Now this isn’t always possible, but it’s something you should strive for as much as you can.  If a song is too hard for you, you’ll be under so much pressure to make the song sound good that you'll sacrifice your vocal freedom to do it.  You’ll start to manipulate and force your voice in order to “survive the song”.

Trust me, don’t do this!!  You may even sound great to the audience but it won’t FEEL good as you sing it!  This is not what you want!!   This will start to tear down your voice over time and singing will become harder and harder instead of easier!

It’s not enough to just sound good – it needs to FEEL good also as you sing it!!!

What I recommend you do is find a key where the song is comfortable and shows off the best qualities of your voice.  Be creative and make the song your OWN and do it YOUR WAY.

2. Get the song feeling easy and accurate BEFORE adding stylistic elements/colours/distortion/grit etc.

If the song is feeling difficult and rigid, remove all the stylistic qualities/colours etc. and focus on just EASE and PITCH.  SLOW DOWN THE SONG and practice it one line at a time very slowly.  Take out the variables.  Find freedom FIRST before exploring style.  Then you can work from there and figure out how to go about getting closer to the colours you want without losing that freedom. 

If you focus on freedom, your singing will become more consistent, easy and sound more natural.  Your vocal cords will approximate to the right pitches more accurately (provided you don’t have an ear issue) and from there you can start to add back in the colours/textures/distortion/grit without sacrificing your freedom.

3. You should have COMPLETE control of EVERY NOTE in the song

You should be able to hit any note in the song, sustain it, and then be able to fade in and out of the note (crescendo) from soft to loud.  Each note you sing should feel like it’s stable and floating.  If you can do this then you really are in control of the song.  If you cannot do this, then it could mean your voice is stiff, lacking freedom and your technique needs work.  I know this is easier said than done but it's something you need to strive for.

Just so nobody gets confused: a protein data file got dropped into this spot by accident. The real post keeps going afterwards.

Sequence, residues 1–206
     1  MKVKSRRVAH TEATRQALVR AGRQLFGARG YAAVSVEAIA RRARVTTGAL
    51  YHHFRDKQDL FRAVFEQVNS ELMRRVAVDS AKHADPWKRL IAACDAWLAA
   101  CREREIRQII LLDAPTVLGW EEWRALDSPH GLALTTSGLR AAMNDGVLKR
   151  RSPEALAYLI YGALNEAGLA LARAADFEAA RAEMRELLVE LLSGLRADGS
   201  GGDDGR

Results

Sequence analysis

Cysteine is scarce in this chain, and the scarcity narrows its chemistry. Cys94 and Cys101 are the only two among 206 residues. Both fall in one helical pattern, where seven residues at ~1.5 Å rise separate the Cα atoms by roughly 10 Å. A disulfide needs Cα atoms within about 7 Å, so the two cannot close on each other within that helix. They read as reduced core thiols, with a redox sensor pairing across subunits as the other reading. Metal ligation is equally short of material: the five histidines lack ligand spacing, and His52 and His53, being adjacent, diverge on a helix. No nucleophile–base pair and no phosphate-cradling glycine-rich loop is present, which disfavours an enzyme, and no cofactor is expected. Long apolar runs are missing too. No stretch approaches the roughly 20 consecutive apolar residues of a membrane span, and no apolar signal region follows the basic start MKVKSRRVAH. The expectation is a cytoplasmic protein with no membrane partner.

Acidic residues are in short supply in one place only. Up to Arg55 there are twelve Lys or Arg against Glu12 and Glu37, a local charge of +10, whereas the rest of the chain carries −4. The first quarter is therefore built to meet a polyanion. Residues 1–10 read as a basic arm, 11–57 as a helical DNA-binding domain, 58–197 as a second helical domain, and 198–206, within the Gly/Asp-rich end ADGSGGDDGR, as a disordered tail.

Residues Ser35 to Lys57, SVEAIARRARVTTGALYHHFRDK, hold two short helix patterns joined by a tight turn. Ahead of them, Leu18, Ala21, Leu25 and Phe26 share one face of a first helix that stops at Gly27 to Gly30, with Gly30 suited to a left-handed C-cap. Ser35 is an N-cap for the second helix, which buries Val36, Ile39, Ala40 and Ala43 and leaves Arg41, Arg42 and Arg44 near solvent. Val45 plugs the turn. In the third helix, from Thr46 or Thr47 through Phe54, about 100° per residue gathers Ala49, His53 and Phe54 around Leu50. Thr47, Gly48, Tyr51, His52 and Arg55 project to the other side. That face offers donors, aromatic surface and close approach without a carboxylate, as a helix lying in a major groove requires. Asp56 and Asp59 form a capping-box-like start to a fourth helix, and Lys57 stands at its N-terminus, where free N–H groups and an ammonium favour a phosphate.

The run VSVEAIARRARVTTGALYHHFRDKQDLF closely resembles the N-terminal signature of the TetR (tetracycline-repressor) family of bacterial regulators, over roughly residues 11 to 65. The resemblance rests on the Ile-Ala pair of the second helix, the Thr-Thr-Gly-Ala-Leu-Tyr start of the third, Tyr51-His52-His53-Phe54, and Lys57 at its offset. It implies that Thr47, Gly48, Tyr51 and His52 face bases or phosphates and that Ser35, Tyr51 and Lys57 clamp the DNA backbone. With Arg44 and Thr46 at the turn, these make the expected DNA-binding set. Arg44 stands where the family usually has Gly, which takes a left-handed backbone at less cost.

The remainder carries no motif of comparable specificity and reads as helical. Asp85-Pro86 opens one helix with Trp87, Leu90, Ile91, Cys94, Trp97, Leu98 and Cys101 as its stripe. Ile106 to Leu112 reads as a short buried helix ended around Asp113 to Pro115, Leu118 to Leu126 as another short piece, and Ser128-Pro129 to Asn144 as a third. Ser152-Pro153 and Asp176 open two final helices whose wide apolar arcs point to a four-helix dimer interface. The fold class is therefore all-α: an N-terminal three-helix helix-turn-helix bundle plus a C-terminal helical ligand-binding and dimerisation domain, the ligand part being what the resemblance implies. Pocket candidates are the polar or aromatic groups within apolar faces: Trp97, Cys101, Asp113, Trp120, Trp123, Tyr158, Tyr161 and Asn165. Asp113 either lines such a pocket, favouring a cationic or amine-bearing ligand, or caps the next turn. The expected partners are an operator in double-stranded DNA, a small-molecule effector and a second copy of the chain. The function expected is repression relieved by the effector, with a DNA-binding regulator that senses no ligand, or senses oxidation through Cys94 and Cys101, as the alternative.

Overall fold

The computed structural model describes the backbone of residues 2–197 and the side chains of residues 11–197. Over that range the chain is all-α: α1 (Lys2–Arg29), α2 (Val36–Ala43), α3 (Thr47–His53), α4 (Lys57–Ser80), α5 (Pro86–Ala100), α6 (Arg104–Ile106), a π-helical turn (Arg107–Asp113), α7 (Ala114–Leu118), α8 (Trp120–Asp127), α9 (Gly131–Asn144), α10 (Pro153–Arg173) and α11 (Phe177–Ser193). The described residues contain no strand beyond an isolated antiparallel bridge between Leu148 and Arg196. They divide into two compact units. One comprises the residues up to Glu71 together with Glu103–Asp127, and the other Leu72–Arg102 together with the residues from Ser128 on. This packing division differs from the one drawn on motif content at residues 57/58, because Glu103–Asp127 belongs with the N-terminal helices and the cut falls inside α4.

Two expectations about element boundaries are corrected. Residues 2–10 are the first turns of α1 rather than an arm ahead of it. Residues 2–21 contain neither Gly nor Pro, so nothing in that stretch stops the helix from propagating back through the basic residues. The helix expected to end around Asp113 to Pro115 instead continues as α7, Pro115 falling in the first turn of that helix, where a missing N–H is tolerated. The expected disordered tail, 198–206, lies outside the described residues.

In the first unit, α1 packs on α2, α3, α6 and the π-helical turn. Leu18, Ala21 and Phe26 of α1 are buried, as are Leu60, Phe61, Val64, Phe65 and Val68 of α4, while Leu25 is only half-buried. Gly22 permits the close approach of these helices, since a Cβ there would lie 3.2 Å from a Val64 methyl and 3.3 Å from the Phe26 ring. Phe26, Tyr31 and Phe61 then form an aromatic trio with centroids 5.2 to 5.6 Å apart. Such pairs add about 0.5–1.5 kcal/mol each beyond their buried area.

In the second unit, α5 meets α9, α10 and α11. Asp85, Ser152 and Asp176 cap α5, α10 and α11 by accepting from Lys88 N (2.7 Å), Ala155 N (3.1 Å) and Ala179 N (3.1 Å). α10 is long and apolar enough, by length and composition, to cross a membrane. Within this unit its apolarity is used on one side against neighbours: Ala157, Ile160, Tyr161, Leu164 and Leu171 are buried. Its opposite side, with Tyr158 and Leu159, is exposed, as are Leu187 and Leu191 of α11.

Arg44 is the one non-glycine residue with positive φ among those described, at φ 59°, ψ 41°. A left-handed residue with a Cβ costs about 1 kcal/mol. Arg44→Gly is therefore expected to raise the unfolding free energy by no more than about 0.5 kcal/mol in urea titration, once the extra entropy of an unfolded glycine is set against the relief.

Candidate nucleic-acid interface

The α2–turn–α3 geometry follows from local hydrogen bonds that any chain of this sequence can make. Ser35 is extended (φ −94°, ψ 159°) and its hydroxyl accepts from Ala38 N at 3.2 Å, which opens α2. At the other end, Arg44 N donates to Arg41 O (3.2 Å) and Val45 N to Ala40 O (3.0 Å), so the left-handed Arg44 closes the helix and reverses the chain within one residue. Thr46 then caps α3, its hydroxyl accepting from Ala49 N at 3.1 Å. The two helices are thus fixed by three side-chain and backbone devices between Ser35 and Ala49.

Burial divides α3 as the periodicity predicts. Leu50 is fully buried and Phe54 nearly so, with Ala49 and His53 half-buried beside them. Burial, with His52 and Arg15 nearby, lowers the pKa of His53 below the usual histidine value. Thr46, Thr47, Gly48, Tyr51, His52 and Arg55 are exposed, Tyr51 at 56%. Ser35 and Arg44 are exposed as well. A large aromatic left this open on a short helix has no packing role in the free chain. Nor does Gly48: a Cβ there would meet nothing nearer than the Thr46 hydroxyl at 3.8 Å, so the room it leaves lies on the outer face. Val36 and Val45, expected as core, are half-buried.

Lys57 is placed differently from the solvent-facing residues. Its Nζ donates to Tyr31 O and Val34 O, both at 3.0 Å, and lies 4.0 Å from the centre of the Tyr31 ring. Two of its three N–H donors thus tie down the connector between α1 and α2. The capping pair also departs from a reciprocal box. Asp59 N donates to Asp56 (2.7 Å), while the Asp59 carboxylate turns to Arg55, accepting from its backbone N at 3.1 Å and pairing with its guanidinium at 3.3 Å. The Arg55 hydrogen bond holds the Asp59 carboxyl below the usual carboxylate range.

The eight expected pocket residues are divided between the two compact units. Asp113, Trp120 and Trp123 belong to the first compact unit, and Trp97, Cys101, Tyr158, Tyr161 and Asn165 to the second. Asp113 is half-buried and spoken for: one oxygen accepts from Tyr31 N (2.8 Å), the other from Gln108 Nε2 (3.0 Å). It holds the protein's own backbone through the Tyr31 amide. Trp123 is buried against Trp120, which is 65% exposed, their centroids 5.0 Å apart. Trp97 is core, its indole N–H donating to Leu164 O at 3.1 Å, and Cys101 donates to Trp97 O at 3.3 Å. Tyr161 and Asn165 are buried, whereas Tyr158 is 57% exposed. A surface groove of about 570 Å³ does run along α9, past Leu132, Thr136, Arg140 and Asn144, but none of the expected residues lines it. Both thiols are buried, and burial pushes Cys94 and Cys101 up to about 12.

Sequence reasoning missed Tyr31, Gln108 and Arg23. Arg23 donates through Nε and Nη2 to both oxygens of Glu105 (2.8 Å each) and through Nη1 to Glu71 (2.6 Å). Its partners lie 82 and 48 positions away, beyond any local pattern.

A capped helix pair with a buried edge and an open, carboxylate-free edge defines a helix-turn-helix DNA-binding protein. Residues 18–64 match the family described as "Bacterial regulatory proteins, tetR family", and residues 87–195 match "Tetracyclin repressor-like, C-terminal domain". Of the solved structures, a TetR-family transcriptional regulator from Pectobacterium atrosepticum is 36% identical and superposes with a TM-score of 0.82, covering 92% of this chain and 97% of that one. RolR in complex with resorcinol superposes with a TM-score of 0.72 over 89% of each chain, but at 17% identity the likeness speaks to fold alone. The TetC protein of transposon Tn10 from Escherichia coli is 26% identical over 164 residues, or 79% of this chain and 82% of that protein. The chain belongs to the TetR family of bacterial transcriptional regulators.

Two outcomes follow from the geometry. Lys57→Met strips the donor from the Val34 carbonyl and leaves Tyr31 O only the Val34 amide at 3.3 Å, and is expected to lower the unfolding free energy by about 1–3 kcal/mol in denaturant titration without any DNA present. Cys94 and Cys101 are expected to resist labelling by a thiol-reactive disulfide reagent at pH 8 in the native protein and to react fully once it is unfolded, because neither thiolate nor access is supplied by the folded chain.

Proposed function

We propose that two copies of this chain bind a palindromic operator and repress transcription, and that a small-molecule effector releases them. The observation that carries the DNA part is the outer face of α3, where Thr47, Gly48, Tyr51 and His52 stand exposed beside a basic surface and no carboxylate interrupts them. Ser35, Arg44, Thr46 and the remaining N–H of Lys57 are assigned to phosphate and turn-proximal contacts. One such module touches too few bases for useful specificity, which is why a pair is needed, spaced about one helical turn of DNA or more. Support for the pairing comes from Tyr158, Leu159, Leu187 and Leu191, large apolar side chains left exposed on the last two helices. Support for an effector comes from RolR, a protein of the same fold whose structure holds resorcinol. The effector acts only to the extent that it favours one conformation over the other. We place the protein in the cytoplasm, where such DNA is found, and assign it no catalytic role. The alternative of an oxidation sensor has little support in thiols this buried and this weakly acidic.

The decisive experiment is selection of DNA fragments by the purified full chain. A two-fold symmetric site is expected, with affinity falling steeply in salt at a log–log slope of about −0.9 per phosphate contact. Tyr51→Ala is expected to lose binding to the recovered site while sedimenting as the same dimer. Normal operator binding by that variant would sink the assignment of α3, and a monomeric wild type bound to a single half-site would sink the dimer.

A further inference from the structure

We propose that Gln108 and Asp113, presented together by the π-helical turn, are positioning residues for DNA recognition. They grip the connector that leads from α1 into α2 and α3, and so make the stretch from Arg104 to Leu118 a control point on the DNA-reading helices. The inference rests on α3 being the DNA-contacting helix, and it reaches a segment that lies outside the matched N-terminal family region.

4.  Singing loudly should NOT negatively affect your lighter singing

This is a huge one.  Singing loud and high songs (belting) should make your light and medium volume singing EASIER.  If you feel like after singing loudly your voice is now more clunky, has a lot of vocal fry, and there’s a ceiling and vocal break where there wasn’t one before, then your approach to loud singing is off in some way and is actually tearing down your voice.

So let's go over what we've covered:

  • "singing properly" basically means you are able to sing with freedom and ease.
  • A song is not ready to perform until you can sing it with EASE.
  • Don't worry about trying to stylistically sound cool until the song FEELS GOOD as you sing it.
  • You should be able to sustain any note in the song and fade in and out of it with good control.
  • Singinging powerful high songs should not negatively affect your lighter voice.

So there you have it – some clear guidelines that’ll help you know if you’re singing properly.  If you found this article useful, please leave a comment below and let me know what you found most interesting/surprising or what your biggest takeaway from this article is.

If you’ve found this guide helpful, please share it where other singers can benefit from it (on forums etc.)

P.S. If you’d like to sing with more freedom, vocal range and consistency, then you can take Skype lessons with me or get my home training system.  Both will put you on the path to singing properly.

Take care!

Phil Moufarrege